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Did privateer ships during the American Revolution actually carry such fancy decorations? I enclosed a view of KenW's Fair American in which he made a spot on recreation of the Annapolis model's decoration. (The entire model is beautiful and one of my favorite subjects.) I have always loved this model and built one back when it was a solid hull kit.  I have started my own Fair American (for the zillionth time) and I've always wondered if any privateer would go to such extravagance. As I understand they were pure for profit ventures. Is there any documentation of any ships of there ilk or even merchant ships having some thing like this? I know the whole model of a model bit.

 

Kurt  

gallery_912_1069_720550.jpg

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Interesting question.  i suppose the answer is "it depends".  If it was custom built for the purpose, perhaps - intent was to appear as somewhat innocent, confused for a merchant until in range.  I suspect the level of fancy work was reflective of the owners, but no documentation I can cite. 

 

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To me it seems an extravagance, and one that would be a PIA to keep looking halfway decent on a ship whose goal was profit. As for a presentation model, I could understand the extra flourish completely. I'm wondering if it is just artistic license on the original model. I am only questioning the practice of the day with regards to actual ships.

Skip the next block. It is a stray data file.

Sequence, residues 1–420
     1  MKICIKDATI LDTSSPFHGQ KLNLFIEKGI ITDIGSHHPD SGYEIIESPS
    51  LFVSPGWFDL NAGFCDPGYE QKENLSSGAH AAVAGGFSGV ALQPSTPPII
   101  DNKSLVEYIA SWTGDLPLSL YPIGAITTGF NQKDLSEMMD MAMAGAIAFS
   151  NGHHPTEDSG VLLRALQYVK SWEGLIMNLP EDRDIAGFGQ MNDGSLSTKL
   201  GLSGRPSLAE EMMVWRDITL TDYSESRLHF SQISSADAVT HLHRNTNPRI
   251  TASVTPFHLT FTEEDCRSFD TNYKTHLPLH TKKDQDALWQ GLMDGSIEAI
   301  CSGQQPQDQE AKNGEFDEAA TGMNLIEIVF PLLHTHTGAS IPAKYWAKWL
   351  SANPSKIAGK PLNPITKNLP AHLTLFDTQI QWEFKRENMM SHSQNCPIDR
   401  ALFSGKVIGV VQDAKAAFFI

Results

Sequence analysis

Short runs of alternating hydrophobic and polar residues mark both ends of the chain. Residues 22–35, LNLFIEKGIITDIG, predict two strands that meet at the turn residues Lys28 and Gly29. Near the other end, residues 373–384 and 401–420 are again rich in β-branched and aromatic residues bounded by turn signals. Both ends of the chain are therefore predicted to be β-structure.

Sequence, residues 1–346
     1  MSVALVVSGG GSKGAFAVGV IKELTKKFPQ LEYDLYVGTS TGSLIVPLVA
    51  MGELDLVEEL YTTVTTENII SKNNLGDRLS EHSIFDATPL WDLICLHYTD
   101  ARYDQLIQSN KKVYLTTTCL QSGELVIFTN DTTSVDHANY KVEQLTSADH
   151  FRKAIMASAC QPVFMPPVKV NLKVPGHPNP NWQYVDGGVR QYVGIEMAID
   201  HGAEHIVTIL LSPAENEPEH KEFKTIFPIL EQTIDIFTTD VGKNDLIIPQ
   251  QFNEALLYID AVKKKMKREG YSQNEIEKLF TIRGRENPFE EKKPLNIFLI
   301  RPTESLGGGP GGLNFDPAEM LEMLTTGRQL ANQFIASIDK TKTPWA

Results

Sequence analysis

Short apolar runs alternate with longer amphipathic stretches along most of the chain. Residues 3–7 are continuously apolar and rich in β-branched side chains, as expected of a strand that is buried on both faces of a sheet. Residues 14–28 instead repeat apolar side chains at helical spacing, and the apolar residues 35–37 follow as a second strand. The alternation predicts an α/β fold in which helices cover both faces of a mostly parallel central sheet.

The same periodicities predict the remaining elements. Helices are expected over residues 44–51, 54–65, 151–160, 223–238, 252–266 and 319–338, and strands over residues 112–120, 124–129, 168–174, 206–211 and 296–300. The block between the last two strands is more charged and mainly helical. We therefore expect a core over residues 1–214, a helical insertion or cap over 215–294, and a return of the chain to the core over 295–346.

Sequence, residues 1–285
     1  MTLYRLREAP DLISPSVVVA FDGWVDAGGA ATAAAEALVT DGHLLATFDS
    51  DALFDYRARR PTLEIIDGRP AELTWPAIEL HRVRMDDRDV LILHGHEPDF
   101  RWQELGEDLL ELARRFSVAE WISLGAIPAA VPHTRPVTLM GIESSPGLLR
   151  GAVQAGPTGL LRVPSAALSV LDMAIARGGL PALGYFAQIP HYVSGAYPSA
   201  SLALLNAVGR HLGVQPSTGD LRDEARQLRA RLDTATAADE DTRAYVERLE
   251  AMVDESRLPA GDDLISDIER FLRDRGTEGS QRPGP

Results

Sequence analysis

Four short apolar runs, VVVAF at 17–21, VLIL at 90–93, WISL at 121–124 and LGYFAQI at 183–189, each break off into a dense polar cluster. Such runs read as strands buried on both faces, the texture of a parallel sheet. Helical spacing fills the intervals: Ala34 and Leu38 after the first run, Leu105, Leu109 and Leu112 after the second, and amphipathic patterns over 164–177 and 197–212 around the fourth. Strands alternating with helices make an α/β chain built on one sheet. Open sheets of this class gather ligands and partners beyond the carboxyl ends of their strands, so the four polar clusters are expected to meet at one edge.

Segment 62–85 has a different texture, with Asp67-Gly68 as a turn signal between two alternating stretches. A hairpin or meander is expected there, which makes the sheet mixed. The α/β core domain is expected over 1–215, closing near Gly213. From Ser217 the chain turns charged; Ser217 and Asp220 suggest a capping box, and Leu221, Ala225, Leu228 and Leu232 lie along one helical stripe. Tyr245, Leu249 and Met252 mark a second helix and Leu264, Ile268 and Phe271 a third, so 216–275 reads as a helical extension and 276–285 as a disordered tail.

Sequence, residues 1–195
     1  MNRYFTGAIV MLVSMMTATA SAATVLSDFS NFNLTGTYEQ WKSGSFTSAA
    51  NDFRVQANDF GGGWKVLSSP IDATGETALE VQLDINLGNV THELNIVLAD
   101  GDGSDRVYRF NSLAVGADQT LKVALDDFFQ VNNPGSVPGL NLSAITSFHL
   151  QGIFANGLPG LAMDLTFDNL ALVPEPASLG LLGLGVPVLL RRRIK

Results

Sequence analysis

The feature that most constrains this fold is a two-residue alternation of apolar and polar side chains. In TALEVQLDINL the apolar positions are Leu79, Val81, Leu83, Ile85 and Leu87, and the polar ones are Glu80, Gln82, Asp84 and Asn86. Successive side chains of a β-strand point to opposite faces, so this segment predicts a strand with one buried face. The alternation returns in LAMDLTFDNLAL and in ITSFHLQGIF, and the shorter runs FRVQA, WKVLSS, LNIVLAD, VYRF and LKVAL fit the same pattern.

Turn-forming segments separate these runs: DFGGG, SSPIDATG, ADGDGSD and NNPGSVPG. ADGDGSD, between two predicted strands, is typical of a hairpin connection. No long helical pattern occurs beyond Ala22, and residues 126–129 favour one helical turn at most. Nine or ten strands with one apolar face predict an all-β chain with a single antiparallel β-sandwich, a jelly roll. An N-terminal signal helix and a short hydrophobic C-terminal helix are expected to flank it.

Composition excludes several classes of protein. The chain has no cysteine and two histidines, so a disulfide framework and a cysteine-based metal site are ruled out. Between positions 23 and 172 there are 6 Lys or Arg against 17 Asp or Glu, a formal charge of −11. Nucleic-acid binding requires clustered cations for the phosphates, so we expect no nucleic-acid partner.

Kurt

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I've seen a similar amount of detail in decoration on the plans of captured privateers in the NMM archives (Such as the brig Swift and corvette Rattlesnake)

http://forum.game-labs.net/uploads/monthly_05_2016/post-22490-0-12473700-1464299690.jpg

https://s-media-cache-ak0.pinimg.com/originals/6d/f4/94/6df494aa752c87b5eebac9dd9fbf4862.jpg

http://www.modelshipbuilder.com/e107_files/public/1388514821_4270_FT0__sloop_swift_1783_.jpg

The Royal navy were meticulous with accuracy on as captured plans, even if they modified the ship greatly right after taking the lines. I'd say that its still is significantly less decoration than on a contemporary Royal or Continental Navy Frigate, for example (see the Confederacy https://modelshipworld.com/uploads/gallery/album_771/med_gallery_31_771_153925.jpg or Minerva http://collections.rmg.co.uk/collections/objects/66278.html, for example) but this level of decoration more or less disappeared on the privateers (french and American) of the 1790s through 1815. 

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  • 2 weeks later...

I'll chime in to add in the "it depends".  American privateers were a way to make a patriotic investment for potential financial gain.  Civic pride may have deemed some decoration necessary.  Or some decoration may have been added to thank an investor.  That kind of thing goes on today and I feel it may also have gone on back then.

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One reason that American Revolutionary War privateers might carry decorations, would be to blend in with the rest of the sea traffic. There is nothing more suspicious that a bland, austere ship edging down on you, giving you an early chance to make your escape. So both merchant built conversions like the Oliver Cromwell (ex-Juno) , and purpose built privateer like the Rattlesnake, were richly adorned, just like the average merchantman would be. 

 

But by 1812, however, the 'baltimore clippers' were so fast and weatherly, that it didn't much matter. Their rig alone would have given them away. The few surviving plans and paintings show them to be rakish, mostly black, plain and sinister looking. The general naval and private style of that period was to replace full figureheads with busts or fiddleheads, and to substitute the stern figures with scroll work and rope tracery, in the "French Fashion". 

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